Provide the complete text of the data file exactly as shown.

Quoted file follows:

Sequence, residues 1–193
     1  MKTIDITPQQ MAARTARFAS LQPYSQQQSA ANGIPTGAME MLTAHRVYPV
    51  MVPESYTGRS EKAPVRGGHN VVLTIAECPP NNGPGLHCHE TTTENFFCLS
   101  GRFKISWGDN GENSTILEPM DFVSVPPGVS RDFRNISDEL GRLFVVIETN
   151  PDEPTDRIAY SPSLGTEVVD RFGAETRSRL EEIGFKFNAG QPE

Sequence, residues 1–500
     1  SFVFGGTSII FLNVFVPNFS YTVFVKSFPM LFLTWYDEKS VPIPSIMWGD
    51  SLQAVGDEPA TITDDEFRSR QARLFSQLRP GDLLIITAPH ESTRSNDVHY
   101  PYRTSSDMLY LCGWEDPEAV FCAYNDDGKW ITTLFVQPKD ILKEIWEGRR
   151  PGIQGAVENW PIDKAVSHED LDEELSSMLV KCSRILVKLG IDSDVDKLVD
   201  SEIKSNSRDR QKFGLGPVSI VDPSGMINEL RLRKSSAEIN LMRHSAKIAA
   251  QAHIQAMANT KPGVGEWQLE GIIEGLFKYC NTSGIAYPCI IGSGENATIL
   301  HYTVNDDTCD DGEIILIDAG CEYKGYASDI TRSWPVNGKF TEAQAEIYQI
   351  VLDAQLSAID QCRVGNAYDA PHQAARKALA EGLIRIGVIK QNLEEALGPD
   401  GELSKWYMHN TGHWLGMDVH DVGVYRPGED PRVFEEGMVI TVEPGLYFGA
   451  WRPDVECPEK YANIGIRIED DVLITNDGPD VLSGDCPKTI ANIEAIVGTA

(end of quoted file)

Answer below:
Sequence, residues 1–193
     1  MKTIDITPQQ MAARTARFAS LQPYSQQQSA ANGIPTGAME MLTAHRVYPV
    51  MVPESYTGRS EKAPVRGGHN VVLTIAECPP NNGPGLHCHE TTTENFFCLS
   101  GRFKISWGDN GENSTILEPM DFVSVPPGVS RDFRNISDEL GRLFVVIETN
   151  PDEPTDRIAY SPSLGTEVVD RFGAETRSRL EEIGFKFNAG QPE

Sequence, residues 1–500
     1  SFVFGGTSII FLNVFVPNFS YTVFVKSFPM LFLTWYDEKS VPIPSIMWGD
    51  SLQAVGDEPA TITDDEFRSR QARLFSQLRP GDLLIITAPH ESTRSNDVHY
   101  PYRTSSDMLY LCGWEDPEAV FCAYNDDGKW ITTLFVQPKD ILKEIWEGRR
   151  PGIQGAVENW PIDKAVSHED LDEELSSMLV KCSRILVKLG IDSDVDKLVD
   201  SEIKSNSRDR QKFGLGPVSI VDPSGMINEL RLRKSSAEIN LMRHSAKIAA
   251  QAHIQAMANT KPGVGEWQLE GIIEGLFKYC NTSGIAYPCI IGSGENATIL
   301  HYTVNDDTCD DGEIILIDAG CEYKGYASDI TRSWPVNGKF TEAQAEIYQI
   351  VLDAQLSAID QCRVGNAYDA PHQAARKALA EGLIRIGVIK QNLEEALGPD
   401  GELSKWYMHN TGHWLGMDVH DVGVYRPGED PRVFEEGMVI TVEPGLYFGA
   451  WRPDVECPEK YANIGIRIED DVLITNDGPD VLSGDCPKTI ANIEAIVGTA